Winning streak of Hong Kong developers must come to an end
The government now has an opportunity to challenge the ‘Profitable Private Partnership’ that will further enrich big firms holding 1,000 hectares of idle land
Every time a public body says PPP, I hear Profitable Private Partnership, not Public-Private Partnership. The latest mention is by the Task Force on Land Supply, the government-appointed body tasked with looking for land development options to meet housing demands.
Since the private developers, mostly the big ones, hold an estimated 1,000 hectares of idle farmland in the New Territories, the task force proposes working jointly with them. Presumably that means some variant of building private and public housing on plots owned privately, so that parts of the profit made from the former could be used to cover the latter.
Somehow, whatever PPP arrangement they end up with, I suspect the profit those developers stand to make will be many times the cost of building those public housing units. The PPP will, indeed, be a godsend for the developers, having waited so long to convert farmland into residential sites. Now, the government task force is proposing to do it for them.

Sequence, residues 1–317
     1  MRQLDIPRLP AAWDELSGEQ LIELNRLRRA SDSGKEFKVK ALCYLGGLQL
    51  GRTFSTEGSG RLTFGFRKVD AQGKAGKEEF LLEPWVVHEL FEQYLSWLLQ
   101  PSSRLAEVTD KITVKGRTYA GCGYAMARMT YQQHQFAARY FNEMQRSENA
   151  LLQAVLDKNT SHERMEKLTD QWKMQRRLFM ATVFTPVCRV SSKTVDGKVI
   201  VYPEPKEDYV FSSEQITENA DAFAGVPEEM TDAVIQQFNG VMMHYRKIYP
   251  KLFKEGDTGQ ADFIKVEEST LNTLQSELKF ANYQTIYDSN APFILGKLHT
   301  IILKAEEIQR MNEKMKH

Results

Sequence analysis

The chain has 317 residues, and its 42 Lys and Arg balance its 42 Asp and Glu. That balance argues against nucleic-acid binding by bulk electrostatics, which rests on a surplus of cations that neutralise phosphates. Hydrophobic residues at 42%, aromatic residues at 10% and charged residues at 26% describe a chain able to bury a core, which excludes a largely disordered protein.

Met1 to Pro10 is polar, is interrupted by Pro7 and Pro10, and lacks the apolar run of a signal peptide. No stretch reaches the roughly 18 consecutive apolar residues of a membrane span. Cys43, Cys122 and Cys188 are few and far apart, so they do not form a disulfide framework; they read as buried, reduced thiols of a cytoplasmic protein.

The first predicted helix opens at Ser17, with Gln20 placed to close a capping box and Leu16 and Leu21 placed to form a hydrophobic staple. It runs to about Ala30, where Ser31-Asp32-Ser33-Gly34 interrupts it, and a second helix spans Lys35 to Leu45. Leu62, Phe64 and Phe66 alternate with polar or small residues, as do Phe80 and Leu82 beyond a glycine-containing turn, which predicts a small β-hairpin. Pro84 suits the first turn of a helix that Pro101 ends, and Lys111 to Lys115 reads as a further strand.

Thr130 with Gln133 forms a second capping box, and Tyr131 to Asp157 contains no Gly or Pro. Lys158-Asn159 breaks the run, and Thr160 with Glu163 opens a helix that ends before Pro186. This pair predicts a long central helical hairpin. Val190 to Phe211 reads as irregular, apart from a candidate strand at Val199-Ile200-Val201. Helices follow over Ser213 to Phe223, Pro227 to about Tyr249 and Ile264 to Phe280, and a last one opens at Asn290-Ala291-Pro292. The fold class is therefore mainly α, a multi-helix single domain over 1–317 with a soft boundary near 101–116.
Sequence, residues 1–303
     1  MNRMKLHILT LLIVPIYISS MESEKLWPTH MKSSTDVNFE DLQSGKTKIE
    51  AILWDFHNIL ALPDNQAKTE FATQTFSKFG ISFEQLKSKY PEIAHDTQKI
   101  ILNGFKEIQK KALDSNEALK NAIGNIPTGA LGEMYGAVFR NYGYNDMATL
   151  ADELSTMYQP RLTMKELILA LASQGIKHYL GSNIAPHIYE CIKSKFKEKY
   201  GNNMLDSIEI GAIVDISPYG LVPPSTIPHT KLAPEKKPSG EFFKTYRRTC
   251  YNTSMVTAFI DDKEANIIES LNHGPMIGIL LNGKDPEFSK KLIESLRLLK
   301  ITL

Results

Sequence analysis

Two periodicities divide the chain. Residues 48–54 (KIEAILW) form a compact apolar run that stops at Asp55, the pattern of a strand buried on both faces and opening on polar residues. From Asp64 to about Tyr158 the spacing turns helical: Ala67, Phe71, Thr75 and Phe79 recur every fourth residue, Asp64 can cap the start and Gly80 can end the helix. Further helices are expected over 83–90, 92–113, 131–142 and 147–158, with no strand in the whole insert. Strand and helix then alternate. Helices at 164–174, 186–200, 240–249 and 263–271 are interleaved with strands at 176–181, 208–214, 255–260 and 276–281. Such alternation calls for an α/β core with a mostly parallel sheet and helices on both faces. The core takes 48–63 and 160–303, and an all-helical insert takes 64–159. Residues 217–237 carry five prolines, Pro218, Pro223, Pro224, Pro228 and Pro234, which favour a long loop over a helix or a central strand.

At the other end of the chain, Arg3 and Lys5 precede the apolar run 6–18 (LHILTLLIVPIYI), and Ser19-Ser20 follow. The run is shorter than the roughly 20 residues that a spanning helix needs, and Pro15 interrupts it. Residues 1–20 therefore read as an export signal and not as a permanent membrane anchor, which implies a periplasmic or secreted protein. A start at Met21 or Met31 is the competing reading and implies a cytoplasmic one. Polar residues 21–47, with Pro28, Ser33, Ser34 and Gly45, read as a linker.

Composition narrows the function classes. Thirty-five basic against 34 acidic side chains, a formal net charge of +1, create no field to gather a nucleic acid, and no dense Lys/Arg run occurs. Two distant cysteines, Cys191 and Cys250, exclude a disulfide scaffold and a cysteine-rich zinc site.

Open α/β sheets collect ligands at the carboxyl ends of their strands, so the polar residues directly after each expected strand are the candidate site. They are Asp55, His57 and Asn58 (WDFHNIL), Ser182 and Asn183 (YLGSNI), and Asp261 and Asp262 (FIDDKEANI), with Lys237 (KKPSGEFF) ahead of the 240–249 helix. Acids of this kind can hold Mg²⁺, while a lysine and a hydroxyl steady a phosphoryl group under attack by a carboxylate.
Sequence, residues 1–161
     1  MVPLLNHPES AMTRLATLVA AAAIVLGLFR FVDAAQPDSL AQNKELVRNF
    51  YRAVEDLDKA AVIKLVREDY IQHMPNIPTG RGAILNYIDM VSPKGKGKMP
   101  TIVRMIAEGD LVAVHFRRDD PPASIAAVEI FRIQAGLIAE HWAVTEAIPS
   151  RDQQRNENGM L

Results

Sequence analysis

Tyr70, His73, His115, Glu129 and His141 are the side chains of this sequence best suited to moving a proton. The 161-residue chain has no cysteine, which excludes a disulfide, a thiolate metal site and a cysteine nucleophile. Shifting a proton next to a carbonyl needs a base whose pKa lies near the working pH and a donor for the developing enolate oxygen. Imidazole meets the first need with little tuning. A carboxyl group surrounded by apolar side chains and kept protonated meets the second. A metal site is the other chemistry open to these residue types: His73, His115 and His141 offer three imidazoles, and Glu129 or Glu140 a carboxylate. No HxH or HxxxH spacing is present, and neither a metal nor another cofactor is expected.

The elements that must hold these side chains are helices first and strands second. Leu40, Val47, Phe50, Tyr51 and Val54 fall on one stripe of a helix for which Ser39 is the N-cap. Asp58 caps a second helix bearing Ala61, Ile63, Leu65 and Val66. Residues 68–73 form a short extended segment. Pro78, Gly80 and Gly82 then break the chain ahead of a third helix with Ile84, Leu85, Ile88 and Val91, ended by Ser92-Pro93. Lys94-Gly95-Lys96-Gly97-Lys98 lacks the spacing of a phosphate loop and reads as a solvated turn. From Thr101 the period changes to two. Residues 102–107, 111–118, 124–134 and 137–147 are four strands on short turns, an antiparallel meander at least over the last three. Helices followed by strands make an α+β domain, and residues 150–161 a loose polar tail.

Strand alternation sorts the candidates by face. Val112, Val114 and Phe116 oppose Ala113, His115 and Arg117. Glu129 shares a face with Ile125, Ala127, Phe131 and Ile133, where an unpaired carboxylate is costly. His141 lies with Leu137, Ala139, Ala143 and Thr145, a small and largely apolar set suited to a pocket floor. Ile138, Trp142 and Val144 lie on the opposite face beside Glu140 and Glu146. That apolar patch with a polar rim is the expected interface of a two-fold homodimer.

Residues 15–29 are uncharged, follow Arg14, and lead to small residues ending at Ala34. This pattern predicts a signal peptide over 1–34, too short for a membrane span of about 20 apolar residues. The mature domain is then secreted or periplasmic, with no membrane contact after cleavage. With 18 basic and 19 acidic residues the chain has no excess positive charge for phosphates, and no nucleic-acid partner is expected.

Yeah, yeah, I know about the land conversion premiums they are supposed to pay. What, 20 per cent or 30 per cent of what developers eventually sell their private flats for?
For once, the government can afford to take its kid gloves off. Our big property developers are all headed by ageing tycoons on their way out, literally. In any case, they have lost much of the influence and respect of Beijing under Xi Jinping.
I am not talking about communist-style land confiscation and redistribution, but a more equitable application of the liberal-democratic doctrine of “eminent domain”. If villagers and non-indigenous residents such as those in Yuen Long are being evicted for the Wang Chau housing project, surely it is not too unfair to demand big landowners cough up with farmland left idle for years, if not decades.
This has been done in many countries. Impose a prohibitive levy on idle land and/or buy it back. Any repurchase of the land would be priced on its current status for agricultural use. The government would even be justified in paying a premium to sweeten such deals with developers and landowners.
There is an added benefit for the government. If it is willing to take on the big developers, it would then be justified in facing up to green groups in developing those fringes of country parks that have few visitors and are of low ecological value.